Worker Protection Act and potential implications for the Christmas party! banner


Worker Protection Act and potential implications for the Christmas party!

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This year we have published a number of legal updates in relation to the Worker Protection (Amendment of Equality Act 2010) Bill and its progression towards becoming binding law.

The Bill finally received Royal Assent on 26 October 2023 and is now known as The Worker Protection (Amendment of Equality Act 2010) Act 2023. This Act will come into force on 26 October 2024 and will introduce a new duty on employers to take reasonable steps (a reduction from the previously proposed “all steps”) to prevent sexual harassment of their employees in the workplace. It also gives Employment Tribunals the power to increase compensation awarded to claimants of sexual harassment by up to 25% where an employer is found to have breached this duty.

Notwithstanding the fact that the new Act does not come into force until 2024, it is recommended that employers take appropriate steps now to prepare for this new legislation. Sexual harassment in the workplace is something employers should be taking seriously and steps should already be being taken by employers to prevent it from occurring. We anticipate that a Tribunal would expect to see a Sexual Harassment Policy in place as a minimum ‘reasonable step’ taken by employers.

This duty is particularly relevant in the lead up to Christmas and the related events and parties which occur during the festive period. It is the case that employers will be vicariously liable for acts of their employees undertaken in the course of their employment and this can extend to work-related events such as Christmas parties and Christmas meals. Therefore, even if acts of sexual harassment occur outside the workplace, employers may find themselves facing potential liability.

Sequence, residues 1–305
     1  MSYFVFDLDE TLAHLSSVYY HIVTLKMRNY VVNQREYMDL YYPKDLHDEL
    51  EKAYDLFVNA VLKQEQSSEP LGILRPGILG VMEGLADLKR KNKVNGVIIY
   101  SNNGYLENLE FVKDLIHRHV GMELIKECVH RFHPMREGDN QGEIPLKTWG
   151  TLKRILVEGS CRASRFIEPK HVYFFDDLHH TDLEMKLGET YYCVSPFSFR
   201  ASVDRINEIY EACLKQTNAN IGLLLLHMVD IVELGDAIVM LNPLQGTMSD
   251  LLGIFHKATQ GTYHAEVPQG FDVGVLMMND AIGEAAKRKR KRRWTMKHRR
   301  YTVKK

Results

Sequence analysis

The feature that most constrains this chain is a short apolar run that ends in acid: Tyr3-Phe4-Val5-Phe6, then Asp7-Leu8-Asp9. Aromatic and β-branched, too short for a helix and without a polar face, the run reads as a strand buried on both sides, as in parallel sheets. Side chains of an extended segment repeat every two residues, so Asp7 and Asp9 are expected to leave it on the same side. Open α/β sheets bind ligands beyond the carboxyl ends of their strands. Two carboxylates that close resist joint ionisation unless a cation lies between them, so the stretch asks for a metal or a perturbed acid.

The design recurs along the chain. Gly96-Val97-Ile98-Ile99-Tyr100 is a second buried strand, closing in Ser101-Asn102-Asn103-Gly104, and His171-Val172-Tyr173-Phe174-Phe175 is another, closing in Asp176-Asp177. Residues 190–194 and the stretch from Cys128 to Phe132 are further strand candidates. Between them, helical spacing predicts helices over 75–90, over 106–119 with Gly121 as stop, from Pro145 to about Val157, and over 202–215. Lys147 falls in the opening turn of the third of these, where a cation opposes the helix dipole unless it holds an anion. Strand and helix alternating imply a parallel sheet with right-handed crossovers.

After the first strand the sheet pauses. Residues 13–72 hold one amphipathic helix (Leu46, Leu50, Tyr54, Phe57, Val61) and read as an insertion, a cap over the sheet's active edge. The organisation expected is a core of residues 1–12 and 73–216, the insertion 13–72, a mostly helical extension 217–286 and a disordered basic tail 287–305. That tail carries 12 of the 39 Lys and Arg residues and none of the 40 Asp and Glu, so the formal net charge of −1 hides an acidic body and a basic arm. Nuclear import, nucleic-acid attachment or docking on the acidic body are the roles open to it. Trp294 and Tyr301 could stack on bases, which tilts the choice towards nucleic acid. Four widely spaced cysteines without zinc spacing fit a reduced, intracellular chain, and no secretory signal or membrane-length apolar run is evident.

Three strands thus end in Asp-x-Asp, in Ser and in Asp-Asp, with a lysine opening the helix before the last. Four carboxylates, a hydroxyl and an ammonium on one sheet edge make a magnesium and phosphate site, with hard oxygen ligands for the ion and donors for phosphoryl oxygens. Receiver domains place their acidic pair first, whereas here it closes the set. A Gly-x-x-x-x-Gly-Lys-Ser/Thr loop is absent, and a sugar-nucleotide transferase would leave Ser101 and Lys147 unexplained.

Steps which can be taken by employers to reduce the risk of sexual harassment occurring at work-related events such as Christmas parties include limiting alcohol (e.g. to two free drinks per person) and communicating what is deemed acceptable conduct in advance of any events.

Any issues that arise following any work organised Christmas parties or events should be dealt with in the usual way, under the employer’s disciplinary procedure and employees should be reminded in advance of any event that the usual grievance and disciplinary procedures remain applicable. This being said, employers will want to strike a balance in any communications to ensure that the Christmas spirit is not fully extinguished and employees still look forward to attending the events.

If you have any queries regarding the introduction of the new duty introduced by the Worker Protection (Amendment of Equality Act 2010) Act 2023, or  regarding potential (or actual) incidents occurring in the workplace or at work related events, or if you would like assistance in respect of reasonable steps that you can take to prevent sexual harassment (including a relevant policy), please contact our Employment Team who would be happy to assist.

This article is for general guidance only. It provides useful information in a concise form. Action should not be taken without obtaining specific legal advice.
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